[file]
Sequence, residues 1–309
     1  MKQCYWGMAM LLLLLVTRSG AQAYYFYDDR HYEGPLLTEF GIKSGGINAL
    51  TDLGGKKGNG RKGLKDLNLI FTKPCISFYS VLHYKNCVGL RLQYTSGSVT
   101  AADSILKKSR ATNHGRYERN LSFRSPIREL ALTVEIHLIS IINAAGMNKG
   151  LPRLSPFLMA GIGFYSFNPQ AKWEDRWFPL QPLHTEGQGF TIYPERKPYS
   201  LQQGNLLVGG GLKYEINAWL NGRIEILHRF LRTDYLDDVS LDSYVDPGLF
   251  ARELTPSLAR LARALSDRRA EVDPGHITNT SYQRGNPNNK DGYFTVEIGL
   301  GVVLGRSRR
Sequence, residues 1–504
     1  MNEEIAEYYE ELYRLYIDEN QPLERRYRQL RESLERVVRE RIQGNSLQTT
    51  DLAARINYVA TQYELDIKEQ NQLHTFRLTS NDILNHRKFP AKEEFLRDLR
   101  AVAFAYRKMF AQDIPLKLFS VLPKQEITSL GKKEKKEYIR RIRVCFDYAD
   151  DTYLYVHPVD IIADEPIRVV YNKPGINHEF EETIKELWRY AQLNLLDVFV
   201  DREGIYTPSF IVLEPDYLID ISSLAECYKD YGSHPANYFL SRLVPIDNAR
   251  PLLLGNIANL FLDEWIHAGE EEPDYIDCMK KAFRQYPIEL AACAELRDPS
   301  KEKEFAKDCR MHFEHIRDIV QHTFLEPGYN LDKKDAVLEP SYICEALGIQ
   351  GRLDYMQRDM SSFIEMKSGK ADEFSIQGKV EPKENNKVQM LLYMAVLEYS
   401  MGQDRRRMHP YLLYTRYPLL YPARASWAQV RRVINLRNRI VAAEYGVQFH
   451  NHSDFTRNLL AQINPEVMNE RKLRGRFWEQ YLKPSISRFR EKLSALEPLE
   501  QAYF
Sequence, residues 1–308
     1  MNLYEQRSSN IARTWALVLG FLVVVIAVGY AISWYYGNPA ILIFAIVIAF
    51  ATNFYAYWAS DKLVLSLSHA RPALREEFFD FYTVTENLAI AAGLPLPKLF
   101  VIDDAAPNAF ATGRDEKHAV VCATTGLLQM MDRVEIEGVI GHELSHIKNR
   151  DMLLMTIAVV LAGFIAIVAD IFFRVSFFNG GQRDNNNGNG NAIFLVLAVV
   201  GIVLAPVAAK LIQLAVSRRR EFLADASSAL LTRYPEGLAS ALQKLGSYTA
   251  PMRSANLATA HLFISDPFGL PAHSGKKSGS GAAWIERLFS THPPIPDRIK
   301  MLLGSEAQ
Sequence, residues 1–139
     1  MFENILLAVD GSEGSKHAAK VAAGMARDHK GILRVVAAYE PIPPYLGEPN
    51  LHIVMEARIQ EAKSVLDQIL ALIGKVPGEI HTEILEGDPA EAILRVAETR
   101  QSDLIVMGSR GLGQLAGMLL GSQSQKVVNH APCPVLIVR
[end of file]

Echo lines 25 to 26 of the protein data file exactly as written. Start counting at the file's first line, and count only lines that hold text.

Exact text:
   151  DMLLMTIAVV LAGFIAIVAD IFFRVSFFNG GQRDNNNGNG NAIFLVLAVV
   201  GIVLAPVAAK LIQLAVSRRR EFLADASSAL LTRYPEGLAS ALQKLGSYTA